Military historian Peter Belmonte

Print Friendly, PDF & Email

By bringing stories of Calabrian-American bravery to light, he is adding chapters to our history that would otherwise have been lost.

The saying “history is written by the winners” typically applies to military forces that dominate and subjugate, but one person has turned that notion on its head in the most positive sense. In his painstaking research into long gone Calabrian-American veterans, Peter Belmonte has achieved a victory for scores of humble heroes whose stories would otherwise have been lost in the trenches of World War I.

Why do this? It helps that Belmonte is a retired U.S. Air Force major of Calabrian lineage. But the work didn’t begin as a military or academic exercise; rather, it captivated him from the start.

The herculean task he has set for himself is rooted in the painstaking documentation of his own family’s ancestry that he began as an adolescent. Belmonte spoke with Lou&A about the nature and depth of his work, why it matters, and how his Italian roots inform and enrich it.

Lou&A: Tell us about your family background. You’ve done a very impressive job of researching it.

Peter Belmonte: I’m 100 percent Calabrian as far back as I can trace it. I’ve always been interested in history, in particular American history and military history. In my 8th grade history class, we had an assignment to draw up our family tree. By asking my parents and grandmother, and some of my aunts and uncles, I was able to trace my tree back to my great-grandparents and maybe one or two great-great-grandparents. I saw some of the family trees of other kids, some of them extended clear across the page, going for generations. I wanted to do that, too.

Later in life, I was able to view the microfilmed records of Marano Marchesato, the village most of my ancestors came from. I was able, through a lot of effort, strain, frustration and tears, to trace my family back to the early 1800s and late 1700s.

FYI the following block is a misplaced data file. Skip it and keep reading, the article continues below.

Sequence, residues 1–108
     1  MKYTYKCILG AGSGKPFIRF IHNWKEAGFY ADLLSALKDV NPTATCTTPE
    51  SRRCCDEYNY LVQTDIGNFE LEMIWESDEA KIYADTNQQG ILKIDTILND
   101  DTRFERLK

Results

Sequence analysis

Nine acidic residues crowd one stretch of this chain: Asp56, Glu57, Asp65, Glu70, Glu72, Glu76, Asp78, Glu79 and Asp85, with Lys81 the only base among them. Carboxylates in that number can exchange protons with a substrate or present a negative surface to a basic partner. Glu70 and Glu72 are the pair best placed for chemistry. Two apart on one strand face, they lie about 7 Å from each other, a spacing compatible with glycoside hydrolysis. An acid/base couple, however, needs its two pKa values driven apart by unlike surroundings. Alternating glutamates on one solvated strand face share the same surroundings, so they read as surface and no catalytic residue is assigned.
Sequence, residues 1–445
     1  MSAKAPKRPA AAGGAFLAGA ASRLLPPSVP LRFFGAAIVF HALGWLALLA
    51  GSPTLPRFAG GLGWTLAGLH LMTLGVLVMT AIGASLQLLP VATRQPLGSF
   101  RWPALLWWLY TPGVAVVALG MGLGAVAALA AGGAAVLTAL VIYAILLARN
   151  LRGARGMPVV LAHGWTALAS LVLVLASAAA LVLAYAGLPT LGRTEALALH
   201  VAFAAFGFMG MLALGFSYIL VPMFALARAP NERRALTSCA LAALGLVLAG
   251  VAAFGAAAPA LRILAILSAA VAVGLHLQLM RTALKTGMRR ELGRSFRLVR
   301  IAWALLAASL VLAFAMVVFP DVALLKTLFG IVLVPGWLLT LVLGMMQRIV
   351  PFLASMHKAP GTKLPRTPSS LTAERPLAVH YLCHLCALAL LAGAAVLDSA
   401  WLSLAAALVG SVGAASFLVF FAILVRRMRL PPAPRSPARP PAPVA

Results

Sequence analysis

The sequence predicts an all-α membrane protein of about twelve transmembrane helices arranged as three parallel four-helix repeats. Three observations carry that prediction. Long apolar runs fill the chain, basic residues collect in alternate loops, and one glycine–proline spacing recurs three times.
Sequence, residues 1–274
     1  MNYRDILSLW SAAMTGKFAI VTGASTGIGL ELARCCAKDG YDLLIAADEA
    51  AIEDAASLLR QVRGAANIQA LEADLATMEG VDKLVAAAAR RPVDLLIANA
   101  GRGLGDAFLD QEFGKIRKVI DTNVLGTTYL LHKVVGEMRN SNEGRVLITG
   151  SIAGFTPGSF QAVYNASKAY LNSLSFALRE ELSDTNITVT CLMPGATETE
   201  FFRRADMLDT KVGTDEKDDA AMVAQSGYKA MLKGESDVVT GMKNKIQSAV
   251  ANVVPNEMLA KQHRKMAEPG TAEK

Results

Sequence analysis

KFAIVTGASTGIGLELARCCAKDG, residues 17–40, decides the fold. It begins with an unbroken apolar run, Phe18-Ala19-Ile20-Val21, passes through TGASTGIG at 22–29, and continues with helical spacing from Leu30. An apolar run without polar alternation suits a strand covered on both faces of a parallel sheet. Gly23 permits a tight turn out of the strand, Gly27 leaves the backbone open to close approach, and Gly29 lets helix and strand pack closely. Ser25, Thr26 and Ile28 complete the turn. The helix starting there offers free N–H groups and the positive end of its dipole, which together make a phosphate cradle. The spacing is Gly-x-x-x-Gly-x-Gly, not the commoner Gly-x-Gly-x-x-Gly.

Lou&A: How did your family life impact you personally and professionally?

PB: Family and extended family were very important to me growing up. My grandmother lived in our house and we regularly visited grandparents, aunts, uncles and cousins. I learned to understand the Calabrian dialect at an early age, although I never did master speaking it. Listening to tales about the “old country” was fascinating for me. I only wish I had asked about what it was like to come to the U.S. and work on the railroads during the early 1900s, as my grandfathers had done.

Lou&A: All of this fascination with family history seems to lead to where you are today with your work. Tell us about that.

Pasquale Chiappetta, welcomes his brother
Carmine home from the war in early 1919.

PB: I’ve written mostly about military and immigration history. Fortunately, I can sometimes combine these topics. I have a book coming out in July, with co-author Alexander Barnes, “Forgotten Soldiers of World War I: America’s Immigrant Doughboys” (Schiffer Publishing). Plus my current work on Calabrian immigrants in the U.S. military during World War I — that’s my focus and passion right now.

Lou&A: How did your research process begin? Take us to the moment the light bulb went off.

PB: In the late 1800s and early 1900s, the various branches of my family came to the U.S. and settled in Chicago; Lake County, Illinois; and Kenosha, Wisconsin. In the mid-1990s, I went to the Simmons Library in Kenosha to conduct some research. Upon entering, I found that their vestibule is beautifully decorated with the names of all the men from Kenosha who’d served in World War I etched into the marble walls. Looking at this monument, I identified at least 50 men with names that originated in my family’s Calabrian area. Furthermore, I identified at least two men who were related to me, cousins of my grandparents.

Lou&A: Explain how you zeroed in on the villages of Marano Marchesato and Marano Principato, and the Cosenza area, for your two volumes of “Calabrian Americans in the U.S. Military During World War I.”